I have access to a pile of Walnut that's been sitting in a garage for some
15 years. The smallest piece is a full 4/4" thick, 11" wide, and about 6'
long. The largest piece is 16/4" thick, almost 12" wide, and 12' long. The
remaining pile, in addition to some more 16/14" stock, is made up of 12/4",
8/4", and some 6/4".
My question to the collective is, Is there a market for walnut that thick?
I don't have use for anything that thick, and I'd hate to cut it up for no
good reason. If there is a market for this stuff, how much is it worth,
and who do I need to get in touch with to arrange a sale. From the research
I've done, I should be looking at a street price of about $8-10 bd/ft for
the 12/4", and about $5 bd/ft for 4/4" stock.
I'm in the Dayton, Ohio area ...
I don't know about wood prices in your area, but, here in CT a non dealer
won't get much more than $1 to $2 per bd/ft. I just missed some dry cherry
for $0.83 per bd/ft.
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Remove "no" to reply
It's absolutely worthless, but I'll be glad to pay the shipping to get it
off your hands.
Walnut is pretty high around here ... $4 - 7/bf. Personally, I wouldn't
hesitate to cut/resaw and use it. Sounds like good stock for table legs.
The price depends on multiple factors such as supply and demand in your
area, marketing, quality of the wood, ease of access to it, moisture
content, method of drying... Here in Atlanta, I have been selling some Iowa
walnut for about 4 years. There is not much for nice walnut here in the
South, so I get a nice premium for wood that is not available locally (i.e.
boards 15-21" wide, or 16/4, or boards that have both of those attributes).
The prices I have gotten in the past range mostly 4 to $15/BF.
I would think being in Ohio would greatly limit the amount you will make off
of these due to supply of walnut in your area. If 4/4 is selling for $5 in
your area then you will most likely have to sell it for ~$4 to get people
interested. The size of the boards are not that unusual so you don't have
much of a premium there. If they were 20" wide and at least 95% clear it
would be a whole different story. Look around - if you go to 5 wood stores
and ask for 11" wide walnut or 16/4 walnut you will soon know how rare your
wood. I love the look on their face when I would ask for a set of 4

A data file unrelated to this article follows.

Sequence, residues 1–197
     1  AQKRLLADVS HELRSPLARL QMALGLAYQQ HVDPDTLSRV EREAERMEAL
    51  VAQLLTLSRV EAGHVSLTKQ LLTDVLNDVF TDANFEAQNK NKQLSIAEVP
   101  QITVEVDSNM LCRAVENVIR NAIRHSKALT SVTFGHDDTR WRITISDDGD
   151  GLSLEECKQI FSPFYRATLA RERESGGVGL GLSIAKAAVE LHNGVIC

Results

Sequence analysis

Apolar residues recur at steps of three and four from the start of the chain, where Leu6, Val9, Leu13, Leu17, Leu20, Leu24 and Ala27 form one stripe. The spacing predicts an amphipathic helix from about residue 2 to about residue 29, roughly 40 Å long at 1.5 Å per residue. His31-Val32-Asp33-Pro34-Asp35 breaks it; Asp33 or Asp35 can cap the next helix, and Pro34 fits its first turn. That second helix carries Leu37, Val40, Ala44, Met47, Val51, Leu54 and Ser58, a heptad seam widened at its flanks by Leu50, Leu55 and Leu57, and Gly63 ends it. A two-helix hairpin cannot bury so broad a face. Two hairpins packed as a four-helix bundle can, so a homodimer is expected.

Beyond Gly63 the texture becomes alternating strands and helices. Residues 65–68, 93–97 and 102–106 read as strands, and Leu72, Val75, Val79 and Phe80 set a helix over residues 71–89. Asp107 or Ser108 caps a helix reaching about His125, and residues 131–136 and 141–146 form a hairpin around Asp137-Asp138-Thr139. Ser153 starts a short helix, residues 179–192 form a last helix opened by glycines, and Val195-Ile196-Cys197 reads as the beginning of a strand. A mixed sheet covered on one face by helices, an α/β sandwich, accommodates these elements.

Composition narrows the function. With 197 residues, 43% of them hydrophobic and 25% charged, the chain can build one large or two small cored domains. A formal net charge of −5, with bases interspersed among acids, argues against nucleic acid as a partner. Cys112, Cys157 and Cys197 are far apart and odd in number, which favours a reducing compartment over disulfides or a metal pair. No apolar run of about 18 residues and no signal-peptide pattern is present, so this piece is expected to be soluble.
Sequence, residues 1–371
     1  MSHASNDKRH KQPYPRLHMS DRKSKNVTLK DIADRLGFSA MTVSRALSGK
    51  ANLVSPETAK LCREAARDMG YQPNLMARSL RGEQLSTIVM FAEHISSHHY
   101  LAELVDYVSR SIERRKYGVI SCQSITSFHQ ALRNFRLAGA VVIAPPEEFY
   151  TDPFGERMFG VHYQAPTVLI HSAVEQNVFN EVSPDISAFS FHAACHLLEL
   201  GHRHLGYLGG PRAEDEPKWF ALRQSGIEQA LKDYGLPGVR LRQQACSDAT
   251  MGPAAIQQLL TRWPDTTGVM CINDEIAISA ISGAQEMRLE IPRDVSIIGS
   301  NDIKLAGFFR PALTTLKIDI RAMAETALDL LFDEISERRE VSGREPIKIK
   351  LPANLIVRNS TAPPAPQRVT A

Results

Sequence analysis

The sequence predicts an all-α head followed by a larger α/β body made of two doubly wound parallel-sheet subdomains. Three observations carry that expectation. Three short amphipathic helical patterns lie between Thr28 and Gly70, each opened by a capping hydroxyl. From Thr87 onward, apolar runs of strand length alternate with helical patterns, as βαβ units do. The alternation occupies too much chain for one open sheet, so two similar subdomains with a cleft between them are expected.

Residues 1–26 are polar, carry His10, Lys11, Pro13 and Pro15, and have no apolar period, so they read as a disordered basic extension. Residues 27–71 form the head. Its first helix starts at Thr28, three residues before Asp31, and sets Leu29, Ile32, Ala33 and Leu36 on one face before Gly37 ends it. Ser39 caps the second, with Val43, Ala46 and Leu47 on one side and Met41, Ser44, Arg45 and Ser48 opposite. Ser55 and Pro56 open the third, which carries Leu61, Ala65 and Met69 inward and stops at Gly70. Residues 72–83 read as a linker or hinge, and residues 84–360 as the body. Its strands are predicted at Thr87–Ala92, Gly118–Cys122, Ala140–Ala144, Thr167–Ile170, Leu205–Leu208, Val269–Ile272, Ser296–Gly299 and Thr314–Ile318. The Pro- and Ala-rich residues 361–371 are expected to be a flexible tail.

bookmatched walnut boards that are 20" wide and flawless.
Sorry to rain on your parade, but I know what it is like thinking you are
sitting on a gold mine of wood.
You're right in not cutting it down since larger dimensions command a
Thick timber is always in demand by turners and carvers. You might try
offering it on rec.crafts.woodturning. Remember to preface your subject
line with "FS".
I don't know how much walnut costs in the US. You might try
www.craft-supplies.co.uk. Put "walnut" into the search engine and it'll come
up with both american and african walnut blank prices. The sizes are metric
and the prices in GBP, so you'll have to do the sums to come up with
dollars/bf. Then figure that we in the UK pay for tools, hardware, consumer
durables etc about the same number of pounds as you would pay dollars. I've
a feeling though that your timber is even cheaper than that, so that rough
guesstimate would give you a highish figure.
The fact that the timber has been air-dried for that length of time would
add value. Any splits, shakes, knots or other such defect would lessen
He can save the conversion hassle, go to places like Advantage Lumber ($4.00 a
bf for 6/4, thickest the state on-line, he can then e-mail the company to get
prices on other sizes--not just advantage, but almost any lumber dealer
"Analyzing humor is like dissecting a frog. Few people are interested and the
frog dies of it." E. B. White
If you want to do all the work of listing, packaging, etc. Ebay has a big
market selling all kinds of wood. I recently bought a bunch of reclaimed
Hickory from old barns in West Virginia, to make an antique lapdesk
You wouldn't have to cut the wood, although it would be expensive to ship
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